Cover: Going to Scale with High-Quality Early Education

Going to Scale with High-Quality Early Education

Choices and Consequences in Universal Pre-Kindergarten Efforts

Published Mar 15, 2005

by Rachel Christina, J. Goodman

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The movement toward universal pre-kindergarten (pre-K) presents policymakers and implementers with many new challenges. In their attempts to go to scale with high-quality early education programs, these leaders and decisionmakers find themselves with little guidance on how to proceed. In an initial effort to respond to the situation, this report looks at the challenges confronting states that are seeking to create statewide public systems of high-quality pre-K services, as well as some of the progress they have made in doing so. Drawing on a review of the literature and interviews with pre-K personnel in a representative sample of eight U.S. states, the report examines the policy choices and debates involved in implementing pre-K in an environment of fiscal uncertainty, focusing on the key issues of funding, auspice, access, accountability, and staffing. In addition, it looks at the unintended effects of particular universal pre-K policy choices on other child populations, families, and communities.

The research described in this report was conducted within RAND Education, a division of the RAND Corporation. This research was funded by The Heinz Endowments and The David and Lucile Packard Foundation, members of the Early Childhood Funders’ Collaborative.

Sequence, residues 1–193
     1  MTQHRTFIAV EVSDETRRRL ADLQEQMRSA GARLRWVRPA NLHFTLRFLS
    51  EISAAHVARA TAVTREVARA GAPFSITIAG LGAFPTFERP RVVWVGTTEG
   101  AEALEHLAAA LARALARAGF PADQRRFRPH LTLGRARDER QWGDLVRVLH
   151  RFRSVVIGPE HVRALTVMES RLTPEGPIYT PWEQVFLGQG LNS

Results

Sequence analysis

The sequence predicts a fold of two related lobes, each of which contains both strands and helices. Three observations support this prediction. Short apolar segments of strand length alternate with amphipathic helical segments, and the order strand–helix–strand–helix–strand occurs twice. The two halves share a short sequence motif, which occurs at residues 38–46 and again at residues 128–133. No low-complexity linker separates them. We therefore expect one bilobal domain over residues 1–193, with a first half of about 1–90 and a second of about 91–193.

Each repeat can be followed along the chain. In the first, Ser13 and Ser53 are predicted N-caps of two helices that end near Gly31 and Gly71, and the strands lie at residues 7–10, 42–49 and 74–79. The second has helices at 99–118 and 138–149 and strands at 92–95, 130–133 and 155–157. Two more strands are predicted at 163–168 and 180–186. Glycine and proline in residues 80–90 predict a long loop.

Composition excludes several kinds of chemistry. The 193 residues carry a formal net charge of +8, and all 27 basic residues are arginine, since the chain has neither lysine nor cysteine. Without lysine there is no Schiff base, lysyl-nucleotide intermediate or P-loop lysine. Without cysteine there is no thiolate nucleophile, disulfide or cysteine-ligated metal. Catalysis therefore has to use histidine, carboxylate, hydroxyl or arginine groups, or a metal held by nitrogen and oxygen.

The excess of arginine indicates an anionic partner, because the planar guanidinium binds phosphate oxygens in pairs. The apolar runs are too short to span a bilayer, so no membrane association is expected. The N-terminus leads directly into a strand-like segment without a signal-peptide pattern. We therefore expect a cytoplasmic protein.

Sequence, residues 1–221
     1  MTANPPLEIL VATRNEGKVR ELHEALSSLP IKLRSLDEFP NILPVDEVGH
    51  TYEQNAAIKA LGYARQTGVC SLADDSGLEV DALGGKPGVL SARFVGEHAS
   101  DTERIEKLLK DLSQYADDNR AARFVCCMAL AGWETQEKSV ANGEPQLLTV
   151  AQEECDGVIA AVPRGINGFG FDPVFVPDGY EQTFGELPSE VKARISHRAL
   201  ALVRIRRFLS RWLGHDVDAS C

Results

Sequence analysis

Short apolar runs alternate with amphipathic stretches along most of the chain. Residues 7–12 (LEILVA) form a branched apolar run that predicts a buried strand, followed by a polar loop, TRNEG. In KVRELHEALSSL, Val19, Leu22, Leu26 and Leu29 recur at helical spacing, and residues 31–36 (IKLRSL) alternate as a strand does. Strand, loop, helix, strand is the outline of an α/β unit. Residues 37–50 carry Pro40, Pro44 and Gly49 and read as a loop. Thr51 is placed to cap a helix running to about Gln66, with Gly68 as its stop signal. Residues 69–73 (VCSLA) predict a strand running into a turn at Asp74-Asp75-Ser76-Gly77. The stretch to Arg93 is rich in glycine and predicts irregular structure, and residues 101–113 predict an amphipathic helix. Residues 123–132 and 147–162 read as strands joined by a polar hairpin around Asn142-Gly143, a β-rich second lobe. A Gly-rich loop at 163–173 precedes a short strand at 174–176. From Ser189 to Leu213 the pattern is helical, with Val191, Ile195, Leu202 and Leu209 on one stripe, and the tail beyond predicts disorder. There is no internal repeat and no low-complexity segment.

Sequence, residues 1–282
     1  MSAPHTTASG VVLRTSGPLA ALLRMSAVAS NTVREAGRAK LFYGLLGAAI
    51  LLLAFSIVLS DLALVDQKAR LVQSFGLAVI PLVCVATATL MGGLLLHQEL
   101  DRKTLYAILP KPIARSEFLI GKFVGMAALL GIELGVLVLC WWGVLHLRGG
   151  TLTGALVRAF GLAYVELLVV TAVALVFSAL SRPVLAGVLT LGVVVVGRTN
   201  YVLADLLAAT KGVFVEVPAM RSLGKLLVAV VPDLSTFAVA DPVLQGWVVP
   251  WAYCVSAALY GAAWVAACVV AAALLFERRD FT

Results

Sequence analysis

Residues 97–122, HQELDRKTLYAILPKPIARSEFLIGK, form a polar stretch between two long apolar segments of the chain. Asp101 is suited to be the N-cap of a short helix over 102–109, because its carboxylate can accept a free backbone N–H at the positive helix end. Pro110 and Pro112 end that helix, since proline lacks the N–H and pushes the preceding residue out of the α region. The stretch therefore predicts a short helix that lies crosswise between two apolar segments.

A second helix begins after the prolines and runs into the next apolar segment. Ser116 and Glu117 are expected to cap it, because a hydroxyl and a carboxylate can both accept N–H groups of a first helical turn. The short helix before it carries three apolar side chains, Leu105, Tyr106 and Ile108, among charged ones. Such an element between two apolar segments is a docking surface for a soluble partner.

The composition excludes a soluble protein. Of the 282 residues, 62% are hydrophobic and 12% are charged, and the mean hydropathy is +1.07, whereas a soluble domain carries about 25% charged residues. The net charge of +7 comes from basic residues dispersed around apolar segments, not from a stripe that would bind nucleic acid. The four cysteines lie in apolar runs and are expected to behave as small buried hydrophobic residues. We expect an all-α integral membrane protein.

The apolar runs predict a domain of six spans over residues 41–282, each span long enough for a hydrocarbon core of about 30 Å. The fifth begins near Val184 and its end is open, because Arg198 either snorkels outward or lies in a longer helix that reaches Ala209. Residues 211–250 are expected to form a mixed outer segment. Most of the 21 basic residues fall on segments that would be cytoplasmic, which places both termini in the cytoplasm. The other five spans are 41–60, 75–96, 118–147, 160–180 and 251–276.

This report is part of the RAND technical report series. RAND technical reports may include research findings on a specific topic that is limited in scope or intended for a narrow audience; present discussions of the methodology employed in research; provide literature reviews, survey instruments, modeling exercises, guidelines for practitioners and research professionals, and supporting documentation; or deliver preliminary findings. All RAND reports undergo rigorous peer review to ensure that they meet high standards for research quality and objectivity.

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